Millions of people in Europe, North America and Australia will die from superbug infections, unless countries give priority in fighting the growing threat to bacteria that are immune to the most well-known drugs, experts said Wednesday.
The Organization for Economic Co-operation and Development (OECD) warned of "catastrophic consequences" for public health and consumption if basic hygiene hygiene is not raised and the unnecessary use of antibiotics is reduced.
Drug-resistant bacteria have killed more than 33,000 people in Europe in 2015, according to new surveys released separately this week.
The report on the significance of the OECD said that 2.4 million people could die of super-bugs by 2050 and that the cost of treating such infections would be $ 3.5 billion a year in each country involved in its analysis.
Michele Cecchini, OECD Public Health Leadership AFP These countries already spend an average of 10 percent of their health budgets for the treatment of antimicrobial resistance (AMR) bugs.
"AMR costs more than flu, more than HIV, more than tuberculosis, and this will cost even more if countries do not take steps to tackle this problem," he said.
How people consume more and more antibiotics – either through recipes or agriculture and cattle products that give drugs to prevent infection – a type of bacteria that develops against the effects of drugs intended for their killing develops.
In low- and middle-income countries, resistance is already high: in Indonesia Brazil and Russia up to 60 percent of bacterial infections are already resistant to at least one antibiotic.
It is anticipated that the growth of the AMR infection will be between four and seven times faster by 2030 than it is currently.
"Such high levels of resistance in health care systems, which are already weakened by limited budgets, will create conditions for the vast majority of victims who will mostly be infants, very young children and the elderly," the report said.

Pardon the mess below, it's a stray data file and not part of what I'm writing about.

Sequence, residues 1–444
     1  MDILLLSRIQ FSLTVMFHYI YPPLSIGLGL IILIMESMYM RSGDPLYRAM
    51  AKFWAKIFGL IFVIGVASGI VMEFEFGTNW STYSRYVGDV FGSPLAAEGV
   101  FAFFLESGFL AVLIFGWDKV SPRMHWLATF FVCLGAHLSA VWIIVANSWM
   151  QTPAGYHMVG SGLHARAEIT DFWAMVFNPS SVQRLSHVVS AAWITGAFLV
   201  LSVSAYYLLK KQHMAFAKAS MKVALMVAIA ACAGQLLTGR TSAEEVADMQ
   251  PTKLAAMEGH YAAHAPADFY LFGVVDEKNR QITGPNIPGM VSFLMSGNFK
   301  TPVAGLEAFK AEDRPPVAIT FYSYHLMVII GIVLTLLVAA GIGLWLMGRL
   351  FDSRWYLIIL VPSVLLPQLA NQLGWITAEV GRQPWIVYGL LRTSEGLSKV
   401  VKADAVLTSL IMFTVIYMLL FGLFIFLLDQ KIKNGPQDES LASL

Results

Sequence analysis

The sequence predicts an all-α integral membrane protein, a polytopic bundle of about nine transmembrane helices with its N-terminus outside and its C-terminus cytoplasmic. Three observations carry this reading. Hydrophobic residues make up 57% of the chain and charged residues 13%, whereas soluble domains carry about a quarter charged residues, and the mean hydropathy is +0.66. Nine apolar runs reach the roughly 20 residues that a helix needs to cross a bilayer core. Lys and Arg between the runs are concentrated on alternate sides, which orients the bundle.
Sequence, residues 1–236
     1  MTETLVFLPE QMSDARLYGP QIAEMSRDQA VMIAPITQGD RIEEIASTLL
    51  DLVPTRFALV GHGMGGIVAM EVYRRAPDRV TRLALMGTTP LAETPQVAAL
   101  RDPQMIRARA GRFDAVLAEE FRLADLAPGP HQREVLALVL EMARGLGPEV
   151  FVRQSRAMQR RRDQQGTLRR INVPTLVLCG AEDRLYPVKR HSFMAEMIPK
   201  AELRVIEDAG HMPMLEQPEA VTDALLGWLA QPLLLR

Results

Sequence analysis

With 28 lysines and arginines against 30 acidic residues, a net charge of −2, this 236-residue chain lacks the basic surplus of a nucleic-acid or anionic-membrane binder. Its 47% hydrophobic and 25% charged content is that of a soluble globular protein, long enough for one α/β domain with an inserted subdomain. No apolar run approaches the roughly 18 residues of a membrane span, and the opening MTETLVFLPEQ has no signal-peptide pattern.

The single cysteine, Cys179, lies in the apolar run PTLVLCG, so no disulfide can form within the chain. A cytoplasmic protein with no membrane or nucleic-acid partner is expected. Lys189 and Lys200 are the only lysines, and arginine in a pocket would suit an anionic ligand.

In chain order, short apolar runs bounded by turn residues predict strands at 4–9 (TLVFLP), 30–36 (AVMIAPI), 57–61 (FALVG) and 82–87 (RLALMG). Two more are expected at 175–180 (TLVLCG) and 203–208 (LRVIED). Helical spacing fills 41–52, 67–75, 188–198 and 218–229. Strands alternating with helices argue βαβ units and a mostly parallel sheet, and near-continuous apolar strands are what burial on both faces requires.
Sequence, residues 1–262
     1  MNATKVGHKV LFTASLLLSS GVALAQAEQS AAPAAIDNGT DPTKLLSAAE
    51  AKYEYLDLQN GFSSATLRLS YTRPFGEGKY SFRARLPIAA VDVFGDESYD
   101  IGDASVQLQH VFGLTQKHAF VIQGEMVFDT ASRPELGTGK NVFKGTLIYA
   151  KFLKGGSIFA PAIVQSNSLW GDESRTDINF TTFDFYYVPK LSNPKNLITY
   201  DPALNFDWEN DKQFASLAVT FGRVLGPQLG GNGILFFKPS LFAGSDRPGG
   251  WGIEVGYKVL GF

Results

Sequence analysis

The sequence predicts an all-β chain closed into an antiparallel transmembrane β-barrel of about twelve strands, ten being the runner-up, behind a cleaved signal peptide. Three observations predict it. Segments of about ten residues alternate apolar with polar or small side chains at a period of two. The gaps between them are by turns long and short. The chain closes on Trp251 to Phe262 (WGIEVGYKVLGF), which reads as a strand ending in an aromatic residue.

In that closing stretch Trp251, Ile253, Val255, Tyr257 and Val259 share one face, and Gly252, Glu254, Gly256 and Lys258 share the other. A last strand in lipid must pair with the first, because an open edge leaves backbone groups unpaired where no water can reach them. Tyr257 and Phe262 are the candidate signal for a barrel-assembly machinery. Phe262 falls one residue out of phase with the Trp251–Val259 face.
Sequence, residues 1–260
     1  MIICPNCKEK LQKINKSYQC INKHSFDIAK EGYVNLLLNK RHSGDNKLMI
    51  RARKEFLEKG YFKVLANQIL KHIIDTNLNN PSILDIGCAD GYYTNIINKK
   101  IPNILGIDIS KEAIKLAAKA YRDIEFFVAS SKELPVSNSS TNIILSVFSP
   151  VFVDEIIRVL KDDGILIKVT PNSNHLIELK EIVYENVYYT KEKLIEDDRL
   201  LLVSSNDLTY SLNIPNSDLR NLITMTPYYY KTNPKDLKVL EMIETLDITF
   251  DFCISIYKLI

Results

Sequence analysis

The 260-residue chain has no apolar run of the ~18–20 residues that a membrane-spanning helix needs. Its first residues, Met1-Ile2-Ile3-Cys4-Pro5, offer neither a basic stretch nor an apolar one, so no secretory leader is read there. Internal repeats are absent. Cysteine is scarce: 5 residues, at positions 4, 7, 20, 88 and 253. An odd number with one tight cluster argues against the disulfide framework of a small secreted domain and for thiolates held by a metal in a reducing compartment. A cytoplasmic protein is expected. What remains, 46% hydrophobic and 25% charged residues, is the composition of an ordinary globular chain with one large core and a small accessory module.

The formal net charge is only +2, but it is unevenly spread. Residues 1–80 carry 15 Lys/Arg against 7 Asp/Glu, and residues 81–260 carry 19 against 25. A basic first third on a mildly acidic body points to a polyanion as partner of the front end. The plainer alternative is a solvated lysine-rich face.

"Even small cuts in the kitchen, minor surgeries or diseases like pneumonia can become life threatening."
It may be another worrying prediction of the OECD that the resistance of the so-called " Second and third-line antibiotics – treatment of emergency infections in case of accidental cases – will be a 70% to 2030 balloon.
"These are antibiotics, as far as possible, we do not want to use because we want to support them," said Cekini.
"Basically, we use more when we need to use less and use our best options in case of an emergency."
A group that advises the World Health Organization on public health initiatives has said that the only way to prevent catastrophe is to implement immediate changes in behavior across the sector.
The report urged health workers to provide better universal hygiene standards in hospitals and clinics by insisting that all employees wash their hands and comply with stricter security regimes.
He also suggested that resistance can be better fought and tested faster to determine if the infection is viral – which means that antibiotics are useless – or bacterial.
New test tests can give results in a few minutes, and Cecchini also introduced the idea of a "delayed recipe" to use excessive antibiotic use by waiting for patients three days before raising their antibiotics – roughly the time it takes for viral infections to start.
In the trials of the technique, two-thirds of patients who delayed the prescription for antibiotics never collected their medication.
The OECD said that such changes would cost around $ 2 (1.7 euros) per person per year and would save millions of lives and billions of dollars by mid-century.
"We would reduce the burden of AMR in these countries by 75 percent," Cecchini said. "It would be paid in a matter of months and produced significant savings."